First Ascent

Adventure has always been defined by the unknown. From foolhardy sea captains to explorers of dubious sanity, the history of mankind has been punctuated by leap after hail-freakin’-mary leap into the unknown.

Science in its myriad expression has eliminated much of the unknown. We have hyper-accurate surveys of the planet’s surface. We can hurl satellites at objects you can’t see with the naked eye. We’ve been to the top of every 8,000-meter peak, and into the deepest ocean trenches for reasons as simple as curiosity and as vainglorious as the record books.

Mountain climbing continues to serve as the shorthand for adventure. No other piece of equipment can so quickly evoke the response “nutty” as the climbing rope. Climbing is, at its very core, a quest to defy death. No other endeavor spells it so simply or so clearly; any 3-year-old knows that gravity isn’t the goodwill ambassador to bones.

Outside Magazine has served as the preeminent chronicler for the adventurous of spirit. If it’s never been done before and enjoys the financial backing of some active-lifestyle clothing company, they’re sure to have someone there for the first-person perspective.

However, this notion that adventure is only so if no one else has done it chafes me. Unclimbed mountains enjoy GPS surveys, so that even unnamed peaks in Kazakhstan are as defined as the ski slopes of Squaw Valley. How much is truly unknown when some team undertakes that new line? Plenty, in fact.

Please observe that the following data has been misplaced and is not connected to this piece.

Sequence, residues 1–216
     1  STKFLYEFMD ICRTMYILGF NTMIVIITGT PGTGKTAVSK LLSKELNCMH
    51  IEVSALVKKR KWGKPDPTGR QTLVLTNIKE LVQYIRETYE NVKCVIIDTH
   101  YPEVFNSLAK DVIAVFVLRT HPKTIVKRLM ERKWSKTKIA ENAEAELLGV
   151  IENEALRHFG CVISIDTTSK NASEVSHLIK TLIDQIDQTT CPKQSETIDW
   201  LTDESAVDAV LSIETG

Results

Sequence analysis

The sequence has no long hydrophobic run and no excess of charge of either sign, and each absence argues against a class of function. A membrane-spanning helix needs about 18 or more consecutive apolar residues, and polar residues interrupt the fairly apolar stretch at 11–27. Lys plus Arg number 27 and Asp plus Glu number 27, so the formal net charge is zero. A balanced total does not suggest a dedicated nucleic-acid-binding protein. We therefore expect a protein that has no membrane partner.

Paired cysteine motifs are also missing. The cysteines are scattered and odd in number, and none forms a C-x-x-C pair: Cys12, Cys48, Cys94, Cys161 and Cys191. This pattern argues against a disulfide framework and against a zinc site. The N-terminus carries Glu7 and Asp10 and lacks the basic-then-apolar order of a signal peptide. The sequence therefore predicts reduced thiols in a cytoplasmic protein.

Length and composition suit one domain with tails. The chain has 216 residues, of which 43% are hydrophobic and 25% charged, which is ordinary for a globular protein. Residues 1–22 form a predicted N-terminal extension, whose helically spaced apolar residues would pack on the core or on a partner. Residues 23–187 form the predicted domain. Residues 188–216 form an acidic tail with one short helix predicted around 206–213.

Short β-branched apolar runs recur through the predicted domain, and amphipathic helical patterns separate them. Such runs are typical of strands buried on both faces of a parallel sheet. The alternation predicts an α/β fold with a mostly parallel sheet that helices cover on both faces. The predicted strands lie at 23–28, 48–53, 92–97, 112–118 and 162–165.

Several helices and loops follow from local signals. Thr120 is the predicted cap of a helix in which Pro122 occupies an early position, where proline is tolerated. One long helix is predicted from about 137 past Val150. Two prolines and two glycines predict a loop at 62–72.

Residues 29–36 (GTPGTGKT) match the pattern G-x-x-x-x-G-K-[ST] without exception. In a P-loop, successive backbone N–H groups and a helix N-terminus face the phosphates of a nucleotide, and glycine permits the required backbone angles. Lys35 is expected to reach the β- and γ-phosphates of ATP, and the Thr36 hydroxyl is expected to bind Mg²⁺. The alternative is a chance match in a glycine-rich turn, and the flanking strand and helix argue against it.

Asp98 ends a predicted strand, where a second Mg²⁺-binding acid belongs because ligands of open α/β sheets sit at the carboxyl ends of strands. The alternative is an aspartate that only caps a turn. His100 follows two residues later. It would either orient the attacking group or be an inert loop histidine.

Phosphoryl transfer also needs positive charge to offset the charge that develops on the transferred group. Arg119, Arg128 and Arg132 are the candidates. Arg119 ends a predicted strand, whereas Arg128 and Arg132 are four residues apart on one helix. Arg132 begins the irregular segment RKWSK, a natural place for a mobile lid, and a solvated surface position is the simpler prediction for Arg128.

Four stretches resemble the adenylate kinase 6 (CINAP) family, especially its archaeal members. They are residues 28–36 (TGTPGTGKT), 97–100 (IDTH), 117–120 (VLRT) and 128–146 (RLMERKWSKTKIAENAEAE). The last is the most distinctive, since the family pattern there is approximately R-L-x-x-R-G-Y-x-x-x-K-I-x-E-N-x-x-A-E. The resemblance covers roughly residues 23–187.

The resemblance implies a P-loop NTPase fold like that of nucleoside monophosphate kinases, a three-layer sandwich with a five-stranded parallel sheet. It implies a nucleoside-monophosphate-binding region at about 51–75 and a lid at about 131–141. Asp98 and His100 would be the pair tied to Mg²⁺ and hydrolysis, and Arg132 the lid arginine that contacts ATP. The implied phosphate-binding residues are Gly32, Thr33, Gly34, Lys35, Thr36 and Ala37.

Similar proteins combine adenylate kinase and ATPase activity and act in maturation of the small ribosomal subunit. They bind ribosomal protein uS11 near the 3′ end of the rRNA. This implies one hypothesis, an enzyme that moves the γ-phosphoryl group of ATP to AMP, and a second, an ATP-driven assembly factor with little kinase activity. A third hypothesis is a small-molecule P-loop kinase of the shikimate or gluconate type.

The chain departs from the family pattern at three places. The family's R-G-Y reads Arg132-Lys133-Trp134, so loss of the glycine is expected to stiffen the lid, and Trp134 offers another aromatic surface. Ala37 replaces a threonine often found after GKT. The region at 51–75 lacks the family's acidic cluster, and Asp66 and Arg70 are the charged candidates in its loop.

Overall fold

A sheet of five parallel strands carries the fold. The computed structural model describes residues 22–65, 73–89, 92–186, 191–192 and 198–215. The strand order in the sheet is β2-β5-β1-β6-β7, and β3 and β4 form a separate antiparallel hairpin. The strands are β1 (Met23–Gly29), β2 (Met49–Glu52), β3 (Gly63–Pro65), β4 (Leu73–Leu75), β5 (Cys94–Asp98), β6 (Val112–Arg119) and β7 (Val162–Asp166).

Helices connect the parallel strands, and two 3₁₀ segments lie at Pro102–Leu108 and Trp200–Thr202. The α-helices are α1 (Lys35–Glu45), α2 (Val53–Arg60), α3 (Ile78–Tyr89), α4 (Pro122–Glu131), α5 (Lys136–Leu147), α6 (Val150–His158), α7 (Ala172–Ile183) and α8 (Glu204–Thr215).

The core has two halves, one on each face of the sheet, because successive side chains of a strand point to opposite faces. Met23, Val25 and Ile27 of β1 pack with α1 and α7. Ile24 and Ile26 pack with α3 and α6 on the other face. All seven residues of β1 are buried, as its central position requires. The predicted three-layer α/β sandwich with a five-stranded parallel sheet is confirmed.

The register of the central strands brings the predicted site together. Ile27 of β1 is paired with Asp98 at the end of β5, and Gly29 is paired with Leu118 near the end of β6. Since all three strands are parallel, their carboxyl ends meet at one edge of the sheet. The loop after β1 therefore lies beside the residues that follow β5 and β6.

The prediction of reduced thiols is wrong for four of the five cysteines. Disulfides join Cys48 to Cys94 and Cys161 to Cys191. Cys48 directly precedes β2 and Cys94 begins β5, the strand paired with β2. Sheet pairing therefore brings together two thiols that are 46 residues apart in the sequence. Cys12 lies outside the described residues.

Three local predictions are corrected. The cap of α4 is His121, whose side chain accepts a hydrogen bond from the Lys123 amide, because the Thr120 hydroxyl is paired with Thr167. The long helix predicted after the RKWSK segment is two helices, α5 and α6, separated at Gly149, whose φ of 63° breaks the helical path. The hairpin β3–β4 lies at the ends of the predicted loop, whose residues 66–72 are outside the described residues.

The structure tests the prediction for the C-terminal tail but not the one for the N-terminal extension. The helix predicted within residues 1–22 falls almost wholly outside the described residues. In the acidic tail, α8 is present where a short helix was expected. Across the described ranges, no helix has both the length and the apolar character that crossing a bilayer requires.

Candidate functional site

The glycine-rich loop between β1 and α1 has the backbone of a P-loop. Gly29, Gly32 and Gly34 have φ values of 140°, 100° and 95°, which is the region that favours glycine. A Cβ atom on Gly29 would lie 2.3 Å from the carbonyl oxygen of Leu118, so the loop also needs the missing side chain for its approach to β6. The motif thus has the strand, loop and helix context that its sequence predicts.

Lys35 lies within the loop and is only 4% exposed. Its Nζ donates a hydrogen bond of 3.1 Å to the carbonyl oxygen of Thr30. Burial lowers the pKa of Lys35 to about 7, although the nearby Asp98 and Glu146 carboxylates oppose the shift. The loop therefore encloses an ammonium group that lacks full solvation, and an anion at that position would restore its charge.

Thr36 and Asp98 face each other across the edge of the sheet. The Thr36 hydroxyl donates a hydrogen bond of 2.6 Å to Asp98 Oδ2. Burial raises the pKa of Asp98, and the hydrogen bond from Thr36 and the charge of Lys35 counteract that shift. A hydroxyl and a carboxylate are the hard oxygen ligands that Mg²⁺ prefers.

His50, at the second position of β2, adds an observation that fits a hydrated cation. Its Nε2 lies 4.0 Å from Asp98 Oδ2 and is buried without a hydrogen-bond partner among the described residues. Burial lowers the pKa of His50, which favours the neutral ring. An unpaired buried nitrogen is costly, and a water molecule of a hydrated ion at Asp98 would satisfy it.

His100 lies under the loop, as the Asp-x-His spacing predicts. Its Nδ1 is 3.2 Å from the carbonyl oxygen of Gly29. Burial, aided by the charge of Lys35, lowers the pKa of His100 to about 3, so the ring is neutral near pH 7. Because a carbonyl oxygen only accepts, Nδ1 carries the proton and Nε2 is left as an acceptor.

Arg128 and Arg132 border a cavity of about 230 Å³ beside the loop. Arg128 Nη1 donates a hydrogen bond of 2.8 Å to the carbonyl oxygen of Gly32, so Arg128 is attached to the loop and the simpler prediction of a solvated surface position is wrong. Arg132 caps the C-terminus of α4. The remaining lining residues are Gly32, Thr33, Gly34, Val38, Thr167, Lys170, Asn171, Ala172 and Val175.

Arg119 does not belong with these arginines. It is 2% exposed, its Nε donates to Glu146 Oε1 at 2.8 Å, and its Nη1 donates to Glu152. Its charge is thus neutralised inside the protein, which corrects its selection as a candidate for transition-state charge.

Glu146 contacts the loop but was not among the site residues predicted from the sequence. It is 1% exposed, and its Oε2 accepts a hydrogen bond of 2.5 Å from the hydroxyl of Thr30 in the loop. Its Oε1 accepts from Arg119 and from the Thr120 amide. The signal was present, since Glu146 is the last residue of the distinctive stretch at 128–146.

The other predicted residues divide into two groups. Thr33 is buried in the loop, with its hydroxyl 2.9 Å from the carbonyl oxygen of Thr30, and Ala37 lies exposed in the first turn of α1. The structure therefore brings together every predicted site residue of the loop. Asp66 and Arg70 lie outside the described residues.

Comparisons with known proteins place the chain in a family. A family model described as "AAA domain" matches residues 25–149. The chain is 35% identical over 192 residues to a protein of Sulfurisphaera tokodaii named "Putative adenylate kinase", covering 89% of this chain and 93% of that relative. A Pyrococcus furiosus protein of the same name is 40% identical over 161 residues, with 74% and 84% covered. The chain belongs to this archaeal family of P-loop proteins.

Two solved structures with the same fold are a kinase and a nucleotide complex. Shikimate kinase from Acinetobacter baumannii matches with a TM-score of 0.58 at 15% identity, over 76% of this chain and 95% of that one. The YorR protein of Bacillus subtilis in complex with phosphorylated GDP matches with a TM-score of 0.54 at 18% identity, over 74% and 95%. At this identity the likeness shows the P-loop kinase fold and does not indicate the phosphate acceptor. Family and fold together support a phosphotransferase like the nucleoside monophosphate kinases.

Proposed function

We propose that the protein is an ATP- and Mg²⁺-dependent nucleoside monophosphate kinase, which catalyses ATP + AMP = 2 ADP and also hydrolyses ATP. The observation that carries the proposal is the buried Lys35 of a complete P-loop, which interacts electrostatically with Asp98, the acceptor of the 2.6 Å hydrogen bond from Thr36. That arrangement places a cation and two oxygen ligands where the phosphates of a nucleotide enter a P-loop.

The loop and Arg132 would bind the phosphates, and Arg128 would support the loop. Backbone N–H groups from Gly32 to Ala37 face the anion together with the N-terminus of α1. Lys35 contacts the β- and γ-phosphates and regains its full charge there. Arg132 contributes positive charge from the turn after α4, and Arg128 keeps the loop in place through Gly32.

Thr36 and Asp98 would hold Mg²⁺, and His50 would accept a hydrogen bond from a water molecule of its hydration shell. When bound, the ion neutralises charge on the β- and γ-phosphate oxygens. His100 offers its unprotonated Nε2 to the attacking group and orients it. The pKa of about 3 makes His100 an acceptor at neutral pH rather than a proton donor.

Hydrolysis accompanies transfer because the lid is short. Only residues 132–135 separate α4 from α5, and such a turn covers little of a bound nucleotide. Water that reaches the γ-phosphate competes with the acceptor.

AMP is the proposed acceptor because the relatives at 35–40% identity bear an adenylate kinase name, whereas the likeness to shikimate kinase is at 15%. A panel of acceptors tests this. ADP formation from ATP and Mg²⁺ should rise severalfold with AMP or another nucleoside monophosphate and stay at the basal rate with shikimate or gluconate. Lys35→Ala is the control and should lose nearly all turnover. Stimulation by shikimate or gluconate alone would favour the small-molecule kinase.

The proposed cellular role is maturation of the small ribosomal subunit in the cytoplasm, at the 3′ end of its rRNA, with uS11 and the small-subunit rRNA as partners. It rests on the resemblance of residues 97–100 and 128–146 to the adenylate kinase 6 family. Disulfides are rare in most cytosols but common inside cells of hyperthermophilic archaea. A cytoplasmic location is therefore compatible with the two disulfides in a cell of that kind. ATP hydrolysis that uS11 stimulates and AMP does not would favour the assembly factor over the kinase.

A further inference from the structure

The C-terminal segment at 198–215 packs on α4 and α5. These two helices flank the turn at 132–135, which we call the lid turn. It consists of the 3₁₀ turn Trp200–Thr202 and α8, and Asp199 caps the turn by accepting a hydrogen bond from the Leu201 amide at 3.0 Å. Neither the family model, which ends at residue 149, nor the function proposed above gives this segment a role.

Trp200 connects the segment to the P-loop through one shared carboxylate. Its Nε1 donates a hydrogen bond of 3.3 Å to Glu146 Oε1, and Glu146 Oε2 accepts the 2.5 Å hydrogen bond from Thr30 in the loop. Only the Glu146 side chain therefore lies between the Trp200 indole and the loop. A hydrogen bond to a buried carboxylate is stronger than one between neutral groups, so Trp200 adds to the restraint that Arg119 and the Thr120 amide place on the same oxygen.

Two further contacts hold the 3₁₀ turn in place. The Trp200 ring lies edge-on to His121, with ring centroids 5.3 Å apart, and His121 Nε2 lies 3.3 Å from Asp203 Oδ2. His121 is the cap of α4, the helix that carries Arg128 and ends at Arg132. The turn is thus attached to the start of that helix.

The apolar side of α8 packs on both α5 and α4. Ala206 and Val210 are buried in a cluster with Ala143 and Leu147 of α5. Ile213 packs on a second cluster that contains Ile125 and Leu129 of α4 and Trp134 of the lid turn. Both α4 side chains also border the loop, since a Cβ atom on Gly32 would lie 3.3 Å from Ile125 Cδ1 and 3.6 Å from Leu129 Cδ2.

The adventure, the unknowing, isn’t what’s external, rather what’s internal. The challenge is one’s own ability to execute the endeavor. As cyclists, we already know this. How much easier is it ride any climb the second time around? With experience as your guide, the fears are easier to banish, your limits aren’t quite so … limiting.

A friend who once held the record for the 40k TT in California told me a story of how he, as a junior, undertook one of the longest climbs in his area with two of the local Cat. 1s. They knew a thing or two about deception and suffering. Kilometer after burning kilometer the junior would ask, “How much further?” And they, in unison, would reply, “Just a little more.” They kept this up to the very top of the climb at which point the budding talent knew he’d been had.

Imagine if you showed up for an organized event and all you knew was that it would be at least 80 miles. Think about how not knowing the exact mileage, the terrain, the amount of cumulative climbing or where the feeds were would affect your mindset. I dare say that would be adventure. I know of places in North America where you could—from a single departure point—define courses pool table flat, riddled with punchy Liege-Bastogne-Liege hills, or cruise into the mountains for a succession of second and third category climbs. The not knowing could cripple some riders.